My coauthored article with Mike Gayle on psychologist attitudes toward the DSM-5 is now available as an advance online publication. Check it out.
Raskin, J. D., & Gayle, M. C. (2015). DSM-5: Do psychologists really want an alternative? Journal of Humanistic Psychology. Advance online publication. doi: 10.1177/0022167815577897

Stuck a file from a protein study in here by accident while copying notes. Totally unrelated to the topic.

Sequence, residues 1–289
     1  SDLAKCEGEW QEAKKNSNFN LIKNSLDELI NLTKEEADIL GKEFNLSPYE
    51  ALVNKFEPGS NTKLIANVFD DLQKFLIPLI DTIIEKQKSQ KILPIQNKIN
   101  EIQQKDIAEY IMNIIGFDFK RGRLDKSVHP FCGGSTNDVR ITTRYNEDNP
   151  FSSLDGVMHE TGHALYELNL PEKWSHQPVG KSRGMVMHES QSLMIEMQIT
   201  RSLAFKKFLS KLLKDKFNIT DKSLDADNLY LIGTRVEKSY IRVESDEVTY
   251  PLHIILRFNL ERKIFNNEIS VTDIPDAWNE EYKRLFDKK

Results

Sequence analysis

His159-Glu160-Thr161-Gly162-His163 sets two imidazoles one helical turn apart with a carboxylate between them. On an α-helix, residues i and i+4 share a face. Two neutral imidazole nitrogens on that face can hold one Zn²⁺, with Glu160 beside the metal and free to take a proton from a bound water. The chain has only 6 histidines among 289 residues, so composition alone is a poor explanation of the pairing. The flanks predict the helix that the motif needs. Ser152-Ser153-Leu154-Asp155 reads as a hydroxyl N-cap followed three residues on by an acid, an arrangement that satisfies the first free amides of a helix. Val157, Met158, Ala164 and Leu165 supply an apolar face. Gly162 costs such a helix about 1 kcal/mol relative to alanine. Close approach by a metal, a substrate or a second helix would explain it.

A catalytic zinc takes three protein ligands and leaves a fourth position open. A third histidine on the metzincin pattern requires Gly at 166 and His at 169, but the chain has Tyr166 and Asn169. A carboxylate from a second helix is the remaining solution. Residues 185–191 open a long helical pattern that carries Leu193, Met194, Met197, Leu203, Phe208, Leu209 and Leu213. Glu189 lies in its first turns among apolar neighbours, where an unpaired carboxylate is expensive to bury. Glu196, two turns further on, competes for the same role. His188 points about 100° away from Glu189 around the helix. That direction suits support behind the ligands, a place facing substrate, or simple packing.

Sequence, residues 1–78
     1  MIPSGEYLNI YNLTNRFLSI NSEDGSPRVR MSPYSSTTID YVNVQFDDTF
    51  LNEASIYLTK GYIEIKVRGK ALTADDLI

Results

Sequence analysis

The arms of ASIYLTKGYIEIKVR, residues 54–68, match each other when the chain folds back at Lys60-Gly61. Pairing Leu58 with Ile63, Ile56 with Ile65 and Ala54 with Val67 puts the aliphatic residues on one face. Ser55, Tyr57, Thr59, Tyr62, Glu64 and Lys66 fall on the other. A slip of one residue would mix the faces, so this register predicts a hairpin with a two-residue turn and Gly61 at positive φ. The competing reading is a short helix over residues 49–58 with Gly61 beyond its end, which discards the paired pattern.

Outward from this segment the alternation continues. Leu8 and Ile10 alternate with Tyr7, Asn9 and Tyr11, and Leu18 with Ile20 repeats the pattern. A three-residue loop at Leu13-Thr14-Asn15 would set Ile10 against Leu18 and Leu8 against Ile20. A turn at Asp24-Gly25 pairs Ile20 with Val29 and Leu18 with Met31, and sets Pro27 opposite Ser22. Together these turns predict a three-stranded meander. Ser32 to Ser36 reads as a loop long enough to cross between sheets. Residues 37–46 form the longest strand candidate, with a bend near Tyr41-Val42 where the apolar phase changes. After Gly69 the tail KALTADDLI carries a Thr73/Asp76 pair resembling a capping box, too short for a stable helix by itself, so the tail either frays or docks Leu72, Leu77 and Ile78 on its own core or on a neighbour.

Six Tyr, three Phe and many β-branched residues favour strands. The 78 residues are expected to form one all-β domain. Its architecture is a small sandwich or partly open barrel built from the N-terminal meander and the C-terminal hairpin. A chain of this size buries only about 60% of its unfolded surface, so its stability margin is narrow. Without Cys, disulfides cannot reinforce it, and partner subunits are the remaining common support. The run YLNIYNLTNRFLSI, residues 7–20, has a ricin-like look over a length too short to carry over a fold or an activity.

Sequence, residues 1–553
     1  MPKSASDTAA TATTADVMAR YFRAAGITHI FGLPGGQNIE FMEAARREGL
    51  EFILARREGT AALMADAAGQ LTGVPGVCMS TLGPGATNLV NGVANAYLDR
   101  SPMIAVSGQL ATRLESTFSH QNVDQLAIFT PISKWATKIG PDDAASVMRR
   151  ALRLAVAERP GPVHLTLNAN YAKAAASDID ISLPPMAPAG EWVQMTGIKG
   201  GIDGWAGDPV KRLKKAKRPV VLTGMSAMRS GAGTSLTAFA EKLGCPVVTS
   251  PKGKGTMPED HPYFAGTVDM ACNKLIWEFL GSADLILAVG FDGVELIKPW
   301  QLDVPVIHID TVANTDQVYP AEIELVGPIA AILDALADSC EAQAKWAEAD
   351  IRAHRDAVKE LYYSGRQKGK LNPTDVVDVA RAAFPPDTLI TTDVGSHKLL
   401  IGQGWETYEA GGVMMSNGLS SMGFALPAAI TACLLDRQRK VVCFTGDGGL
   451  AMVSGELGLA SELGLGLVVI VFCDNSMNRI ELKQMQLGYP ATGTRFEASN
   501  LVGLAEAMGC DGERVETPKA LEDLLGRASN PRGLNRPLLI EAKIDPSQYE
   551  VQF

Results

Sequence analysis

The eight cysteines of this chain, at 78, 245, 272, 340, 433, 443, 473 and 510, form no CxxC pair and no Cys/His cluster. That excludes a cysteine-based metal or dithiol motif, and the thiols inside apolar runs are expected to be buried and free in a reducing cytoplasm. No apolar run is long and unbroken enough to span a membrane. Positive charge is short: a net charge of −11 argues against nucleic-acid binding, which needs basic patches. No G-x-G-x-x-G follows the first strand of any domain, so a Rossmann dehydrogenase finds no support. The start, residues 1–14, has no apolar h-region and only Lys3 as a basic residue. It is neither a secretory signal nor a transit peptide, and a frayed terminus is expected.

Only two published studies, both from the early 1980s, have specifically examined psychologist attitudes toward the Diagnostic and Statistical Manual of Mental Disorders (DSM). The current article rectifies this by presenting the results of a recent survey of attitudes toward the DSM-IV-TR and DSM-5. Though the DSM has changed over the years, psychologist attitudes toward it have remained remarkably consistent. Although more than 90% of psychologists report using the DSM, they are dissatisfied with numerous aspects of it and support developing alternatives to it—something that psychologists over 30 years ago supported, as well. The finding that almost all psychologists use the DSM despite serious concerns about it raises ethical issues because professionals are ethically bound to only use instruments in which they are scientifically confident.